How is UNHCR managing the Venezuelan Refugee Crisis?

Hammoud GallegoThe UNHCR depends almost entirely on contributions from voluntary sources. The UNHCR’s funding is based on the results of its annual audit. Global AppealThe process through which the government asks some private donors and governments to contribute to the support for refugees. In 2023, 74 percent of this funding came from only 10 donors, with most of the funds earmarked to specific crises, and only 15 percent consisting of multi-year funds. Commitments are constantly changing and crises in different parts of the world compete with each other for limited resources. When a refugee crises erupted in Ukraine due to the war, less funding was allocated to Latin American countries that hosted Venezuelan refugees as well as UNHCR’s commitments in other parts around the world. There are also many NGOs that make a real difference in the lives and circumstances of many refugees. For example, NGO VeneActivaThe fact that it was founded by Venezuelan women migrants and operated in Peru is one of Latin America’s best examples of civil society providing the support that refugees need. Its digital platform provides key information to help Venezuelan nationals restart their lives in Peru. The NGO provides a variety of services, including psychological support and advice on how to regularise one’s migratory status.

IPS: As in other European countries, you live in the UK where migration is a high priority on the political calendar. Can you give us some insight into how the UK deals with the migration issue?

Hammoud GallegoOver the past few years, the Conservative Government in the UK has faced a dilemma it created. Brexit was supposed to result in a decrease in immigration. However, the opposite has now been observed. Despite this, the lack enough immigrants to fill vacant positions in public sector, especially in education and healthcare, as well as to undertake seasonal jobs in agriculture and construction has limited the growth of the economy in the country. Covid and the Brexit were both extremely hard on the health sector.

How is the migration issue affecting the ruling party?

Hammoud GallegoSince 2010, the UK has been governed by a Conservative government. Conservative party leaders have made migration a major issue in their campaigns. According to the most recent polling, 46 percent of voters are expected to vote for Labour in a general elections, while only 22 percent will vote for the Conservative Party. Conservative politicians are concerned about losing votes, especially to the Reform Party. So they adopt absurd measures to discourage asylum seekers. The Rwanda asylum plan is one such scheme.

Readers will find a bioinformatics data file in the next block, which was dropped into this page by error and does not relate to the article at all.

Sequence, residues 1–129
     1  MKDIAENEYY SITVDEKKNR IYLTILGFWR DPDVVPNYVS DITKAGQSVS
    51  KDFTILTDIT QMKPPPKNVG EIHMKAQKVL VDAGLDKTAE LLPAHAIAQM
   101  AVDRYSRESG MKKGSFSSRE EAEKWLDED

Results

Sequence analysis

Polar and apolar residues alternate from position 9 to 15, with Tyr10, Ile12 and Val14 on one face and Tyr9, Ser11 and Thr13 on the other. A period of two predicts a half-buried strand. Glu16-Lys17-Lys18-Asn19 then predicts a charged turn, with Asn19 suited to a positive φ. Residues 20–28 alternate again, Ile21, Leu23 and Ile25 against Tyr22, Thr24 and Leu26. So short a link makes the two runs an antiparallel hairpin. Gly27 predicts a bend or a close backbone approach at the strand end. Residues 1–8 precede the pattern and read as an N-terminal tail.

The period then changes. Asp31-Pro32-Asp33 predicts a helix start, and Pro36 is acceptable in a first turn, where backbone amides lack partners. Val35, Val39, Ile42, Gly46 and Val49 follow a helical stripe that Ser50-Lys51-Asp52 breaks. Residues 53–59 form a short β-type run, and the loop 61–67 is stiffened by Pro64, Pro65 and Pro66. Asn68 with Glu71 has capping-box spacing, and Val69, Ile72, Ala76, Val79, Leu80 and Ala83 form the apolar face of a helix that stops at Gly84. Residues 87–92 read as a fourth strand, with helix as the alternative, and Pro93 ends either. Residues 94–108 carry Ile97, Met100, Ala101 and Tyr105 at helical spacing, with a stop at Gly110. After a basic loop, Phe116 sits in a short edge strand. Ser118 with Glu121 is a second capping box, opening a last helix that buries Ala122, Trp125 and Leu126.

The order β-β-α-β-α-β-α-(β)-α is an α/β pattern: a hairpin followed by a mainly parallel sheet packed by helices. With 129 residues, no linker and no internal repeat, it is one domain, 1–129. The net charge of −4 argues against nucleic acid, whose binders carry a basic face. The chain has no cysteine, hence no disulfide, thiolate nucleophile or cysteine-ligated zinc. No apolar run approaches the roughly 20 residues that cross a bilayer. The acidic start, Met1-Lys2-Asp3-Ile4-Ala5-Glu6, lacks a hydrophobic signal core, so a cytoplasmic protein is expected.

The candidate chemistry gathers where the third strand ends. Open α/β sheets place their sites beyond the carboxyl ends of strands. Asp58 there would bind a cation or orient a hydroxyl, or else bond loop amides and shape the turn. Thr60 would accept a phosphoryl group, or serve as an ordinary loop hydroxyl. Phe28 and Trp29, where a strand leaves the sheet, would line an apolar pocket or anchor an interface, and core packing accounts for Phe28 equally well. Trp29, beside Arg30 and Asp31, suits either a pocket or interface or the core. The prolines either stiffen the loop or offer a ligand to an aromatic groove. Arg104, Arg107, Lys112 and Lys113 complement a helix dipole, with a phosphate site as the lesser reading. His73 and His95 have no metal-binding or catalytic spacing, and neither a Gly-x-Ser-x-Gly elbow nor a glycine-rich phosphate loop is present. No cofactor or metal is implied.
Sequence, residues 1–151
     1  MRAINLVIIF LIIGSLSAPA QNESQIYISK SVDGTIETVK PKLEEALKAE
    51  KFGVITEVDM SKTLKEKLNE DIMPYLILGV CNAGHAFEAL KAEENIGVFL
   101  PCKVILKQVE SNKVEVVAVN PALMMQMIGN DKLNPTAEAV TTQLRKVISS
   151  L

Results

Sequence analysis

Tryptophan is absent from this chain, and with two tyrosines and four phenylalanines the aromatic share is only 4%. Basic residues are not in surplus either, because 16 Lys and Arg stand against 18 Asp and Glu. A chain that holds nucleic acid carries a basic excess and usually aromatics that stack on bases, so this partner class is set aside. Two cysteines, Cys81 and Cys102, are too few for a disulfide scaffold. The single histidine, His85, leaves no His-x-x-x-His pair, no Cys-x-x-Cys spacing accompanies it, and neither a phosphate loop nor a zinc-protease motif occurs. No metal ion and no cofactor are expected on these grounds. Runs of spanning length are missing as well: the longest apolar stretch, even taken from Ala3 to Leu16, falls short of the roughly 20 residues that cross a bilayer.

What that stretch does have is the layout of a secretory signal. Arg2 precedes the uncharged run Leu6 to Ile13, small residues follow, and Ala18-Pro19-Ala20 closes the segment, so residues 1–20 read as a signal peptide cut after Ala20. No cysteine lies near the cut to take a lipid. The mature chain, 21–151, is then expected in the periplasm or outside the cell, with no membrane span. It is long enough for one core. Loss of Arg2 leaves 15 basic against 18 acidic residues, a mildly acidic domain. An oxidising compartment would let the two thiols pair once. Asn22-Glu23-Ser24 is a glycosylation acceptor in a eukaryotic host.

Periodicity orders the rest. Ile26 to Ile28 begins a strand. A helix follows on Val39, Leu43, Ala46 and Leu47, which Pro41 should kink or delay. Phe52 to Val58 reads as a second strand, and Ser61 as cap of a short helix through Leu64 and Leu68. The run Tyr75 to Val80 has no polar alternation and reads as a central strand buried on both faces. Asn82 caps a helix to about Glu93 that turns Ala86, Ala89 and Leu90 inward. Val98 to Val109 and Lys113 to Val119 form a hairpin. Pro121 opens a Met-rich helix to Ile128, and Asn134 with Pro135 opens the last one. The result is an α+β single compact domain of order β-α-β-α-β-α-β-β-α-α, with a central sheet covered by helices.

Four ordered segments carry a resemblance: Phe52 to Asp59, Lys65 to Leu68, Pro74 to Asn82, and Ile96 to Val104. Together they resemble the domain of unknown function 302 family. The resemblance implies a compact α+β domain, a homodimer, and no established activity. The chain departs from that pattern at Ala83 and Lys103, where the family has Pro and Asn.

IPS: Could explain whether or not the Rwanda plan was a feasible project and why some Conservative politicians proposed such a solution to asylum seekers.

Hammoud GallegoThis proposal proposes that some of those asylum seekers who illegally enter the UK will be sent to Rwanda to be processed. Those who were successful in claiming asylum in Rwanda would remain there. This proposal is absurd and based on two false assumptions. First, the majority of asylum seekers are aware of this scheme. Most asylum seekers receive their information from non-official sources. Often, this is the smugglers, who arrange their journeys. Even if they were aware of the scheme, there is little chance that it would deter them. The choice of a destination depends on a number of factors, including the language they speak and the network they have. Also, many asylum seekers have taken risks on their journey to the UK, and have suffered a lot. So, for them, the minimal risk of being sent back to Rwanda is an acceptable risk. This plan will not only encourage people to avoid applying for asylum in the UK but to live there in an irregular status.